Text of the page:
Skip to main content


Cottage Food Law

Michigan’s cottage food laws are somewhat limited, but many people use them and they are still one of the most active cottage food states.

Many types of foods are allowed.  Fortunately, there is no need to obtain a license, which makes it very easy to start a cottage food business.  However, the laws are still restricted in that sales are limited to $25,000 per year, and products may only be sold directly to the consumer.


Starting a cottage food business?


Top 10 Mistakes To Avoid When Starting A Cottage Food Business

(Some of them just might surprise you!)

Allowed Foods

Although vanilla extract and baked goods with alcohol are allowed, they have special licensing requirements. Nut butters must be tested in a lab before being sold. To check if a specific kind of product is allowed, contact the Michigan Department of Agriculture & Rural Development at 800-292-3939 or

Only "non-potentially hazardous" foods are allowed, but certain non-PHFs may not be allowed. Most foods that don't need to be refrigerated (foods without meat, cheese, etc.) are considered non-potentially hazardous. Learn more


Sales are limited to $25,000 per year


Although there is no required application or procedures required to start a cottage food business, it is recommended that on-site water wells are checked annually for safety, and on-site septic systems should also be evaluated regularly.


Sample Label

Chocolate Chip Cookies

"Made in a home kitchen that has not been inspected by the Michigan Department of Agriculture and Rural Development" (11-point type)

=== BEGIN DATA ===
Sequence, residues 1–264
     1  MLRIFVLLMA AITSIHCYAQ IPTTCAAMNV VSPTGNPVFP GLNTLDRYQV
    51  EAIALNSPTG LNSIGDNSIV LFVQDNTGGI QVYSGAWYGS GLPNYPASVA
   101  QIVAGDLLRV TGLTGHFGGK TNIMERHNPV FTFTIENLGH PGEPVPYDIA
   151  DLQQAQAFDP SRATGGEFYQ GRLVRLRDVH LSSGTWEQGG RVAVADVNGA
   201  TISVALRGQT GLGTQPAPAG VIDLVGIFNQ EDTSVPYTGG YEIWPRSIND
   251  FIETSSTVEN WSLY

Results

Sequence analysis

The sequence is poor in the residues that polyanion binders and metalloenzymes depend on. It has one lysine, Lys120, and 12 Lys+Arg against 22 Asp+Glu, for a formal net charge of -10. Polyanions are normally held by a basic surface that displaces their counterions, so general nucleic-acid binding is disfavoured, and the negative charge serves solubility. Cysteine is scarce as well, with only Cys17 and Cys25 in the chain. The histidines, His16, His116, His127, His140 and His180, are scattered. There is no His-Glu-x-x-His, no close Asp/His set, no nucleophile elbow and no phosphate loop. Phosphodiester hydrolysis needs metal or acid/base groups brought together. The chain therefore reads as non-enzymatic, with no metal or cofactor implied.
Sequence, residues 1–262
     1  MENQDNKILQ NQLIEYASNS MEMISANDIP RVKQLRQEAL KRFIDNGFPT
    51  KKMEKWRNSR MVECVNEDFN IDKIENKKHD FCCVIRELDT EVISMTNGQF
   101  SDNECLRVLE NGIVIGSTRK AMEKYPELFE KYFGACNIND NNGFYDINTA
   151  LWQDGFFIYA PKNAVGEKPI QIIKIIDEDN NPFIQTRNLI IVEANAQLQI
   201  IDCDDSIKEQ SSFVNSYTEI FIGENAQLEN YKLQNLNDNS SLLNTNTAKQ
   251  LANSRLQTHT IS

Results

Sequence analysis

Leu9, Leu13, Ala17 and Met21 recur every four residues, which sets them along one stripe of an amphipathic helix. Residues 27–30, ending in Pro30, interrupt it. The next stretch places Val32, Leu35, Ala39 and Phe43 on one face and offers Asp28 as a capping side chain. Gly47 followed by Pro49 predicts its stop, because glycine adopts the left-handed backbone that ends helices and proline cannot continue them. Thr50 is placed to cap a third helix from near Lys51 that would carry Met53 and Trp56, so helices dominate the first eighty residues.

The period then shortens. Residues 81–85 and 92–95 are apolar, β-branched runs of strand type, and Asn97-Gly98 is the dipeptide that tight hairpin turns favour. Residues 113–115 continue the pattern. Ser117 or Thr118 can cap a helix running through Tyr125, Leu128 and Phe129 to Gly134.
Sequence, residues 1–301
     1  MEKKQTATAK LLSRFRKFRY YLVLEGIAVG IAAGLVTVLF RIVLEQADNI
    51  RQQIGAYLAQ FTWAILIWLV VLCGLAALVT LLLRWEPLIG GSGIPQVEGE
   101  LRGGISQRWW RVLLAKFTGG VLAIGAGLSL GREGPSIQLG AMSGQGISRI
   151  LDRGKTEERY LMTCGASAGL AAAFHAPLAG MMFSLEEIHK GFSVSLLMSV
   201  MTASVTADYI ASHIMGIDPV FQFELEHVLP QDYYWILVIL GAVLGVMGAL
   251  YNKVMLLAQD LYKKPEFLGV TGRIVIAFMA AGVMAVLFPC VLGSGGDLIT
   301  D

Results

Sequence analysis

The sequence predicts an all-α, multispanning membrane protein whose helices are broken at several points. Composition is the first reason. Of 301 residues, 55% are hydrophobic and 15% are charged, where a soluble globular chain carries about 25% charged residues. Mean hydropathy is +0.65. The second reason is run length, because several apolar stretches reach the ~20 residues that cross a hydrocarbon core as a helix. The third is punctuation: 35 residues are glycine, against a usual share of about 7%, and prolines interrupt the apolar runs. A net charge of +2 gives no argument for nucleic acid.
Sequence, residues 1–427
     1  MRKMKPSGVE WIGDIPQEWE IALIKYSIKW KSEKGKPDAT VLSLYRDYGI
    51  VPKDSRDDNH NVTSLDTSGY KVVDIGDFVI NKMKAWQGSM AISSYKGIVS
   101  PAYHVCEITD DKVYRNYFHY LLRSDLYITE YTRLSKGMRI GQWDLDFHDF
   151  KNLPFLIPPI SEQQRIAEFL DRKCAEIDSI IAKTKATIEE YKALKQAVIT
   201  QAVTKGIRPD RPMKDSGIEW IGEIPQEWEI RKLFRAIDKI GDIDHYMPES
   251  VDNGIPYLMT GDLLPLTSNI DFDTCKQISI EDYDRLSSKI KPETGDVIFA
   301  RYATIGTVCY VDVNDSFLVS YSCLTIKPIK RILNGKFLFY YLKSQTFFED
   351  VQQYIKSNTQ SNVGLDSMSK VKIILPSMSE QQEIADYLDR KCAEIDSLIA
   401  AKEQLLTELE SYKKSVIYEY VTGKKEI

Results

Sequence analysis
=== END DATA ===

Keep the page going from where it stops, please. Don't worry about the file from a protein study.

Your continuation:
Forrager Cookie Company

123 Chewy Way, Cookietown, MI 73531

Ingredients: enriched flour (wheat flour, malted barley flour, niacin, iron, thiamin mononitrate, riboflavin, folic acid), butter (cream, salt), semi-sweet chocolate (sugar, chocolate, cocoa butter, milkfat, soy lecithin, natural flavors), brown sugar, granulated sugar, eggs, vanilla extract (vanilla bean extract, alcohol, sugar), baking soda, salt (salt, calcium silicate)

NET WT 2 lb 4 oz (1.02 kg)



Michigan Department of Agriculture & Rural Development

Law Dates
July 2010
HB 5280
October 2012
HB 5130

This page was last updated on

Is there something wrong on this page? Please let us know! You can submit changes through this form.

Starting a cottage food business?


Top 10 Mistakes To Avoid When Starting A Cottage Food Business

(Some of them just might surprise you!)


Hi,I’m concerned about the online training,I contacted the msu extention book store I bought the video and I sent the surveymonkey is any way to know who is the department in charge of the food training certificate ,how can I know ir the got the survey,or maybe I have to print the survey and to resend it againg by regular mail,I need help with this I called to msu book store and they dont know.So any information or where to go or call would be very helpful..thanks

Hi, I have a herd of dairy goats. I was wondering about goat cheese or goat milk fudge under soft candy? My zip code is 49799

    The cheese would not be allowed, and the fudge may be allowed. Does your fudge need refrigeration? If it does, then it would not be allowed. If it doesn’t need refrigeration, then I’d recommend you contact the department about this one (contact info at bottom of Allowed Foods section above).

    It’s quite possible, but I’m not sure. In some states, there is an issue with selling near a venue that is an established food business. Then again, it is face-to-face, which is the most important aspect of selling. I’d recommend emailing your question to the department at, and make sure to give them your zip code in the email.

    Donuts probably wouldn’t be allowed unless they’re baked, which most donuts aren’t. Likewise with waffles. Thanks for catching that… I’m removing donuts from the list because it’s confusing.